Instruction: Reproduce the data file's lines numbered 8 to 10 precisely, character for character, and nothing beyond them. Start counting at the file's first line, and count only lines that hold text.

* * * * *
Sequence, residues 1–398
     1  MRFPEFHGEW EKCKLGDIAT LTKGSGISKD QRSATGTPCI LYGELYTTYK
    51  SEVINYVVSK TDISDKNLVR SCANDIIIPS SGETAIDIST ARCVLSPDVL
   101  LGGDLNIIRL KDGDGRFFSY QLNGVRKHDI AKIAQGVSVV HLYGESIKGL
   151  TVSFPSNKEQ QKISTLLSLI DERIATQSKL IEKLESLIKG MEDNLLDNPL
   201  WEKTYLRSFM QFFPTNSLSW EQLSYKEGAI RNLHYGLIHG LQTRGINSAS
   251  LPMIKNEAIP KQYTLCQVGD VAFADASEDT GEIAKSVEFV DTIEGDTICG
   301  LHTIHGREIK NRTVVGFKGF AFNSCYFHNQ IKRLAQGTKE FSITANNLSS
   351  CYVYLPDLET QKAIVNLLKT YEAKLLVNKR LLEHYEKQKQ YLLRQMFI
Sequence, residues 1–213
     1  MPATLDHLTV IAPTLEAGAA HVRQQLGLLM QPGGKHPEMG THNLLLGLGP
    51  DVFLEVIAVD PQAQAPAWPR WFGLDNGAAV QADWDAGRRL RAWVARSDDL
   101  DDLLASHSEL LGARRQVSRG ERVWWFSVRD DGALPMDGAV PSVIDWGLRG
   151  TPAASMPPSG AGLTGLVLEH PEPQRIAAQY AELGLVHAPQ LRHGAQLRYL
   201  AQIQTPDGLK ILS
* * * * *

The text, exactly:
   301  LHTIHGREIK NRTVVGFKGF AFNSCYFHNQ IKRLAQGTKE FSITANNLSS
   351  CYVYLPDLET QKAIVNLLKT YEAKLLVNKR LLEHYEKQKQ YLLRQMFI
Sequence, residues 1–213